In a report from Bloomberg, Tecent, the publisher of PlayerUnknown’s Battlegrounds in China, is putting in extra effort to crack down on hackers in the region.
Tencent has begun to enlist Chinese law enforcement to “root out the underground rings that make and sell cheat software,” according to the report. These efforts have already led to at least 30 cases and 120 arrests.
The arrested parties are suspected of designing multiple kinds of cheat software, everything from aimbots to wallhacks.
Just a few weeks ago, BattlEye reported over 1.5 million bans for hacks in PUBG, but the level of hackers being experienced in the game has remained consistant.
This comes hot on the heals of the outcry from players in the NA and OC region calling for a China “region lock”. To which Brendan Greene aka PlayerUnknown, responded with:
““Yes, the majority of cheats come out of China, but that doesn’t mean all Chinese players are cheaters. This idea that just because you’ve got a few bad eggs, you’ve gotta ban a whole country is a bit reactive.”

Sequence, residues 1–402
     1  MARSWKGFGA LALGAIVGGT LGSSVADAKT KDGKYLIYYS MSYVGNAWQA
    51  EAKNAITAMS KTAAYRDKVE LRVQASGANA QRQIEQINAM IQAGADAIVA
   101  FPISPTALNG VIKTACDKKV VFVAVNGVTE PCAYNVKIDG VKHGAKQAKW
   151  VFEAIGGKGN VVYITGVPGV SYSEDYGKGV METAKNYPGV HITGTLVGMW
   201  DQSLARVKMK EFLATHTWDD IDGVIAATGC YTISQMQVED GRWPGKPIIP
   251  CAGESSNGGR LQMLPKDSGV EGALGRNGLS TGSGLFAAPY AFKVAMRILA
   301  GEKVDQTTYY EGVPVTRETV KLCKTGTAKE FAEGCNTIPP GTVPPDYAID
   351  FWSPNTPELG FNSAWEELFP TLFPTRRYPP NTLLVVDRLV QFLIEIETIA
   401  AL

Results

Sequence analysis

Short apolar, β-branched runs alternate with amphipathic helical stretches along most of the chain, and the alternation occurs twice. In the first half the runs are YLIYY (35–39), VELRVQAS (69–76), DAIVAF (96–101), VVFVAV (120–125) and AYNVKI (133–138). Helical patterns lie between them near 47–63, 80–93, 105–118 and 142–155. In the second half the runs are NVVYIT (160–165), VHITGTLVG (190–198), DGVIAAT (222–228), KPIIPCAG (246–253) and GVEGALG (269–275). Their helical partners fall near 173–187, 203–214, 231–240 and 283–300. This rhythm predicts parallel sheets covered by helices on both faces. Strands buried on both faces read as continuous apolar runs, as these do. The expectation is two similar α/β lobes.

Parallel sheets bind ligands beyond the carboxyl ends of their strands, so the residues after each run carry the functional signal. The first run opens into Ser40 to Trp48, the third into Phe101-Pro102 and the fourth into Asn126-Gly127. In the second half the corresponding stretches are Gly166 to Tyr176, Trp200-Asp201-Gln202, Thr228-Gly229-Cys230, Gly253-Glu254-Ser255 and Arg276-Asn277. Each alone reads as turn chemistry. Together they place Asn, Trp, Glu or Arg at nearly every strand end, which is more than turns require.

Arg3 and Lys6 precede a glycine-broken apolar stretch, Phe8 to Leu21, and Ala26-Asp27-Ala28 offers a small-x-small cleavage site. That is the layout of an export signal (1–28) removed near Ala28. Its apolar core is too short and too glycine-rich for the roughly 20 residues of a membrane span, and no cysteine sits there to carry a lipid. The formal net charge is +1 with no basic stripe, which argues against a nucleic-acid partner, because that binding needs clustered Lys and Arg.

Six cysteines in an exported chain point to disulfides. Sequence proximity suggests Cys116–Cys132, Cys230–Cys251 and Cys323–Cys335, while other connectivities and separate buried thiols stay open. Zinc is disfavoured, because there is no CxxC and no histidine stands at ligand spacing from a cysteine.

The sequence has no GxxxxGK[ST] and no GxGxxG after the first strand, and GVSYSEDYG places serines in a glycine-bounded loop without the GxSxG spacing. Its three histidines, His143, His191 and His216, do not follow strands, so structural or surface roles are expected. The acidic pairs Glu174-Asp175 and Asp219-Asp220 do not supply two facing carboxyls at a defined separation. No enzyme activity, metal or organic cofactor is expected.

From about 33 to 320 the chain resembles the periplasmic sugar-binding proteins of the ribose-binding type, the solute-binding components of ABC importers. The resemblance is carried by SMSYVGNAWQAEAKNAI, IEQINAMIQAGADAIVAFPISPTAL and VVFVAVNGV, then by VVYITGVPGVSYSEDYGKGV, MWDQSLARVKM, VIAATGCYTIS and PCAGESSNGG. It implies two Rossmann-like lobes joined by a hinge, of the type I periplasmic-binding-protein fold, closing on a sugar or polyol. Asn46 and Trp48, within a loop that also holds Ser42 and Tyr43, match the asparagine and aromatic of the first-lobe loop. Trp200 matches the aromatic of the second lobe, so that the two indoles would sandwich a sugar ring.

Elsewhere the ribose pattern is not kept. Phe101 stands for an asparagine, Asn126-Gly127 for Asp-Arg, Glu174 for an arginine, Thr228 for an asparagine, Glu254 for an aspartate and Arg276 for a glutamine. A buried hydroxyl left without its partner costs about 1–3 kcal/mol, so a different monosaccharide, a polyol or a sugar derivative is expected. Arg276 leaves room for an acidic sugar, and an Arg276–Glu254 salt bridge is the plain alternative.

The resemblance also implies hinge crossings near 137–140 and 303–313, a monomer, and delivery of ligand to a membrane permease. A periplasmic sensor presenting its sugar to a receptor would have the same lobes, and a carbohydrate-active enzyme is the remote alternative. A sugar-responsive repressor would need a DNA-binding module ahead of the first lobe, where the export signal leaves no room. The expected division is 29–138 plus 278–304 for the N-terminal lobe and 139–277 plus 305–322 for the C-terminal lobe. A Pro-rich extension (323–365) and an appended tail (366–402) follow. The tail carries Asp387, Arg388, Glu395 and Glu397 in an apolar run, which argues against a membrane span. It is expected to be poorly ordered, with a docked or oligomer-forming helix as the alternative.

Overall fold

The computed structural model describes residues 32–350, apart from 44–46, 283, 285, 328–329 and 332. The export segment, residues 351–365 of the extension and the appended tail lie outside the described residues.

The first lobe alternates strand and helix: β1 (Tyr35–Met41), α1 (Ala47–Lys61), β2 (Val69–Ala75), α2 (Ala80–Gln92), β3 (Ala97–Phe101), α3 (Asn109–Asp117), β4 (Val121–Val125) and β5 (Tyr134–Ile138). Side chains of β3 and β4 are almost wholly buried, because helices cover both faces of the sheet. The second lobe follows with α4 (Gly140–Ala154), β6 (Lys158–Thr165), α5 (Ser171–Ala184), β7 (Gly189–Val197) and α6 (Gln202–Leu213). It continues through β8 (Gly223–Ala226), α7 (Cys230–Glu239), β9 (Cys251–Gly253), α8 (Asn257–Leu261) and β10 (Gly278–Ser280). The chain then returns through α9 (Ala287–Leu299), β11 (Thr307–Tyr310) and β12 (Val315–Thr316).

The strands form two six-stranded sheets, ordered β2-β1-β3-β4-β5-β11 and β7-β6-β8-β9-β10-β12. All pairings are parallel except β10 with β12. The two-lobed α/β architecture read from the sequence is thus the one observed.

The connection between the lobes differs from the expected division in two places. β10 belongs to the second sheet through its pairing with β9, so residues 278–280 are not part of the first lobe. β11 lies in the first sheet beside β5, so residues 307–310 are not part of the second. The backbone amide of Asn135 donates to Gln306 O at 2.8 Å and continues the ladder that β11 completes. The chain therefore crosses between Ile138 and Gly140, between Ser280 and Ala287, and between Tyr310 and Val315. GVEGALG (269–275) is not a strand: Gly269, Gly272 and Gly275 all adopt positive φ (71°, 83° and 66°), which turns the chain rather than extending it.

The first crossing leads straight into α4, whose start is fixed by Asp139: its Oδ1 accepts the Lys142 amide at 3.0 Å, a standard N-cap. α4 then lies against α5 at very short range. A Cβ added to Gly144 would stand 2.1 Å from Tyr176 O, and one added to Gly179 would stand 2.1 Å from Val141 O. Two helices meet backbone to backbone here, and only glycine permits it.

He went on to suggest that this was Xenophobic, and racist.
Players bit back on Reddit and PUBG Forums to explain that it has nothing to do with racism. They went on to explain that this recommendation is due to:
- The hacking issue in which a Chinese hacker is present in approximately 50% of games and;
- The language barrier with many Chinese joining other regions, and not being able to communicate actions with their team mates.
While PUBG Corporation won’t facilitate region locking China, they are looking into ping limits to prevent cross-region match making.